THe Blog

April 22, 2016

Alex Tabarrok Fears a Rent Seeking Society

In this Observer article, Alex Tabarrok responds to a question on Quora, asking what the US needs to do to create a more sustainable middle class. Excerpts below:

 

"I worry most of all that we are becoming a rent-seeking society. The idea of rent-seeking is best explained by the old metaphor of the pie. There are two ways to get a larger slice of the pie. Grow the pie or cut the pie in a way that is more favorable to you and less favorable to everyone else. Spending resources to cut the pie in your favor is rent seeking. From the point of view of society, resources spent to cut the pie in one way rather than another way are wasted. Even worse, the more resources that are spent dividing the pie the smaller the pie gets.

 

Consider copyright, patenting and land use. Copyright terms began in 1790 at 14 years and were expanded in 1831 to 28 years... Copyright then expanded in scope to movies, radio and so forth but it remained at 28 years until 1976 when it was dramatically lengthened to life of the author plus 50 years... It was then expanded again in 1998 to life of the author plus 70 years!

 

One could argue that the expansion in copyright length was necessary to incentivize the production of new works... The expansion, however, applied not just to future works but to all previously existing works still under copyright! Did we need to incentivize the production of art works that already existed!? Of course, incentivizing the creation of new works was never the point. The point was rent-seeking...

 

The 1998 expansion of copyright was opposed by George Akerlof, Kenneth Arrow, Ronald Coase, Milton Friedman, and James Buchanan to name just the Nobel prize winning economists! Sadly, however, these Nobel prize winners could not overcome the power of a mouse, Mickey Mouse (Disney was the primary lobbyist in favor of the law)...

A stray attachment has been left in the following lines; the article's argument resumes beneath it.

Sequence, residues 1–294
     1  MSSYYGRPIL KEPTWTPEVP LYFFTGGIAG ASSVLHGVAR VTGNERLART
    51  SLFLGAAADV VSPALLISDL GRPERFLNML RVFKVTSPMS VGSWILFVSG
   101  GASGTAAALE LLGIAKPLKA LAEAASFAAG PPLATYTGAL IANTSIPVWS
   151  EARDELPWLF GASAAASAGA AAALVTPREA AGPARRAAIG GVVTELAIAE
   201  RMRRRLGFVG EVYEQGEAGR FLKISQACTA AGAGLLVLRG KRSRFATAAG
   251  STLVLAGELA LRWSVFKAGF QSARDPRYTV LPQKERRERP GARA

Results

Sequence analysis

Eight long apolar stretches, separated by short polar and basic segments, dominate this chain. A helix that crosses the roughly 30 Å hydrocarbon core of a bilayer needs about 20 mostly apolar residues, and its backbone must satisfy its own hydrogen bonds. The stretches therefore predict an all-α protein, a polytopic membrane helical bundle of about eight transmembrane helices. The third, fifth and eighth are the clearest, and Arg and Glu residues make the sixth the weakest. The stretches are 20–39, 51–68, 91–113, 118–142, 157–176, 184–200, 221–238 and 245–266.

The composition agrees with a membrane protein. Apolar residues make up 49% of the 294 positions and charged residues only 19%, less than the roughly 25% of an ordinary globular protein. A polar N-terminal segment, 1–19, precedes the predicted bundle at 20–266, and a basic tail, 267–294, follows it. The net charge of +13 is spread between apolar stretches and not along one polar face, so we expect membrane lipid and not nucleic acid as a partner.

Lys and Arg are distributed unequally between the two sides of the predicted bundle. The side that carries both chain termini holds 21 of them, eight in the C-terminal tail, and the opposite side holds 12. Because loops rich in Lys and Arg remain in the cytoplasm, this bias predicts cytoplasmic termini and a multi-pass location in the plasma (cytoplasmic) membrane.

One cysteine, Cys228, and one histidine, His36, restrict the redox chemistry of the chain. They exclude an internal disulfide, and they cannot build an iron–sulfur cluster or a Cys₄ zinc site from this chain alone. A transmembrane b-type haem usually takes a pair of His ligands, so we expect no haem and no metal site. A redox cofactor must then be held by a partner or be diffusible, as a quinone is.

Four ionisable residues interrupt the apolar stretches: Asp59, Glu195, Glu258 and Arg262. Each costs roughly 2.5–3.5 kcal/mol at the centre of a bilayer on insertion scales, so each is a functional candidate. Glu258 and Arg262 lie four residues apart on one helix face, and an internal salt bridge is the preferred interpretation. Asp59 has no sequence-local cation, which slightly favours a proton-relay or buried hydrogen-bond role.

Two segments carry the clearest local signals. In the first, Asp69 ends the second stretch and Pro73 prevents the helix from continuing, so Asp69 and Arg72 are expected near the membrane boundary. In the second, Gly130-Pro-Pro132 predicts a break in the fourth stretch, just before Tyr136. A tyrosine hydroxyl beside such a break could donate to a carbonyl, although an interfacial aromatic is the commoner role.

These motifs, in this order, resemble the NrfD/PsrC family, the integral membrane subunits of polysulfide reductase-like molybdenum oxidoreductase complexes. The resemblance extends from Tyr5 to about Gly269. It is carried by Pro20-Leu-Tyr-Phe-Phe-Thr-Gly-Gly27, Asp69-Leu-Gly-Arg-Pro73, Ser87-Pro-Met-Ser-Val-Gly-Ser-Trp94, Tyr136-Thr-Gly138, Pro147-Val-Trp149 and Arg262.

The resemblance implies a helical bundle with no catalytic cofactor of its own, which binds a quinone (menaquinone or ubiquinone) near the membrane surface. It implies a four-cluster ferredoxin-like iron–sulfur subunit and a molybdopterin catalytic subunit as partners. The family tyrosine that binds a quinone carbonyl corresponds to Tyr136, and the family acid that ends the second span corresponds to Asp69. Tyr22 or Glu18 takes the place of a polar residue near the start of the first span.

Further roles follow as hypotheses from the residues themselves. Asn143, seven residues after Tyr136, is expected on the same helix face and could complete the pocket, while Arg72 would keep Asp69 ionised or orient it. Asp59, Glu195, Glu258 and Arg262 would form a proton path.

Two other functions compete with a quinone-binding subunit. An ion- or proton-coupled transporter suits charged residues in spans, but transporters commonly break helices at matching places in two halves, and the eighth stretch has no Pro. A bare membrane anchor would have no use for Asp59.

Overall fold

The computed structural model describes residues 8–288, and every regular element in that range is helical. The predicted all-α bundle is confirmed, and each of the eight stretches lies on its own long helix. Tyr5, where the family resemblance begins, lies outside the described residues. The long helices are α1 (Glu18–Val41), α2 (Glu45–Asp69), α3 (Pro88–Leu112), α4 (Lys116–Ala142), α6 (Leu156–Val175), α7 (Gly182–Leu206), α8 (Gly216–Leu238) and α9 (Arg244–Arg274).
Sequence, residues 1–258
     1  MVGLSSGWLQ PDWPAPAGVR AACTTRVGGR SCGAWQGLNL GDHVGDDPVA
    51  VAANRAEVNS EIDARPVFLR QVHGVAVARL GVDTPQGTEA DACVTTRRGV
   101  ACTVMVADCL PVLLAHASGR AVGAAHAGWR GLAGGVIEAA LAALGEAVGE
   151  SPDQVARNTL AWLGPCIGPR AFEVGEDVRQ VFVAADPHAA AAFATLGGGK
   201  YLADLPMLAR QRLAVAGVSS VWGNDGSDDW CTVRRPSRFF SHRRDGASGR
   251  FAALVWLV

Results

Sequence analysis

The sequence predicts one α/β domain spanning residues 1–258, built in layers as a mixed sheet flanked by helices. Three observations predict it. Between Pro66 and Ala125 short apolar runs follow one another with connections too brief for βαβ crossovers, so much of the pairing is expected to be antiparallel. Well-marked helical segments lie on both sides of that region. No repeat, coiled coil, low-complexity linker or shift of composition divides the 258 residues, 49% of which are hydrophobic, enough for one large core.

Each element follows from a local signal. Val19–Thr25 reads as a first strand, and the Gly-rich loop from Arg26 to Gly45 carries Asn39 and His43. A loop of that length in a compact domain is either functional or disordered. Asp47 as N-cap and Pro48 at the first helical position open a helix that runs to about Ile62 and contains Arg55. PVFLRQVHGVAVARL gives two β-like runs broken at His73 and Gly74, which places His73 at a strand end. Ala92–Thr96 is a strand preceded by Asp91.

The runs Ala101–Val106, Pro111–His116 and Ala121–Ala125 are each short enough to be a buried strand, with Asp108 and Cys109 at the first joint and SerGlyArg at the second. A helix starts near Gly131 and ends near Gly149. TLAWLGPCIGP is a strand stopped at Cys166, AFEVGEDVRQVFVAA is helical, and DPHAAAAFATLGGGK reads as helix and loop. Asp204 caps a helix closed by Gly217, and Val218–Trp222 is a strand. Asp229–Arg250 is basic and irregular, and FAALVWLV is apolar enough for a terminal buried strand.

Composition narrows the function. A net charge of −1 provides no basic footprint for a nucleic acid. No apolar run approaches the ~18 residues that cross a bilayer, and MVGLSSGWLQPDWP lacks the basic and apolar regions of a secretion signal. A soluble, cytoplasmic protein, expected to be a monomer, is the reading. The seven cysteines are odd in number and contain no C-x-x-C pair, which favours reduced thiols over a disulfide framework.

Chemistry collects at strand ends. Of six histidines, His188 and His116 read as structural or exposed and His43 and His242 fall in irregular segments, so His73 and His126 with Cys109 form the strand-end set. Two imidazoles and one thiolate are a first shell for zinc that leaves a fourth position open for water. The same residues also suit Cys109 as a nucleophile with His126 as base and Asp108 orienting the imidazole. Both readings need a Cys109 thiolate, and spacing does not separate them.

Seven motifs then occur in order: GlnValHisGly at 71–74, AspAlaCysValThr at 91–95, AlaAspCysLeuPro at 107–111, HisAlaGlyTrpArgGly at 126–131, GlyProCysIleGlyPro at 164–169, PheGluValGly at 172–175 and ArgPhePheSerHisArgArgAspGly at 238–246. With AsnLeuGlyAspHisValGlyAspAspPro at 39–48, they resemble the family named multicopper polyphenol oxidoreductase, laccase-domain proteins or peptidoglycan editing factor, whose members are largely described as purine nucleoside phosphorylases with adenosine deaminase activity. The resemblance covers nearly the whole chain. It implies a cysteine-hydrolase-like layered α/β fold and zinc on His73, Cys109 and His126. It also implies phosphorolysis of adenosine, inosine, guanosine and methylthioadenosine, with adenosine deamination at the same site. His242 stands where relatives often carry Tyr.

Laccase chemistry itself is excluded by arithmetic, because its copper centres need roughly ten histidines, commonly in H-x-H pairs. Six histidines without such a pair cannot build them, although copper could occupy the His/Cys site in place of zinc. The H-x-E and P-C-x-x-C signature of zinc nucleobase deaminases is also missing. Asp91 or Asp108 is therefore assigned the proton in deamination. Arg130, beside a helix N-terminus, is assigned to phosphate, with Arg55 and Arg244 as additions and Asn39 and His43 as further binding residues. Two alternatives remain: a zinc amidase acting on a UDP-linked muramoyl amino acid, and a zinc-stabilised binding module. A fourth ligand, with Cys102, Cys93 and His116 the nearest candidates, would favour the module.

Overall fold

Land use regulation also began to increase rapidly in the 1970s and 1980s. Zoning as well as historical preservation and environmental protection restrictions (often supported by a bootleggers and Baptists coalition) have made it difficult to build, especially in the most productive cities in the United States. It used to be the case that poor people would move to productive places because their wages in those places were higher even taking into account housing costs and that’s because when more people moved in, more houses were built. Today, however, due to land restrictions more houses aren’t being built so housing prices rise and it’s only the highly-skilled who can afford to move to high productivity places...

 

Given these trends it’s not surprising that we see evidence of more monopoly in the U.S. economy....

 

I don’t blame all of this on IP law and land use restrictions but in my view these are the places to start...

 

The intellectual property laws were designed by the founding fathers to “promote the progress of science and the useful arts.” Land use restrictions had the goal of preventing unpleasant and unfair spillovers. Over time, however, the tidal pressure of rent seeking bends law in ways that benefit special interests rather than the public interest..."

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